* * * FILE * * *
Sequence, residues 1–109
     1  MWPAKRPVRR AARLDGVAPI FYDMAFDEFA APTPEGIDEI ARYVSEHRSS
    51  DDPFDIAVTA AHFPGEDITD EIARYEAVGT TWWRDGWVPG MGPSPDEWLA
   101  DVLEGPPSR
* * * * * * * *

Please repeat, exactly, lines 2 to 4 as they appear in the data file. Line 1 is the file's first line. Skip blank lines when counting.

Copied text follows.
     1  MWPAKRPVRR AARLDGVAPI FYDMAFDEFA APTPEGIDEI ARYVSEHRSS
    51  DDPFDIAVTA AHFPGEDITD EIARYEAVGT TWWRDGWVPG MGPSPDEWLA
   101  DVLEGPPSR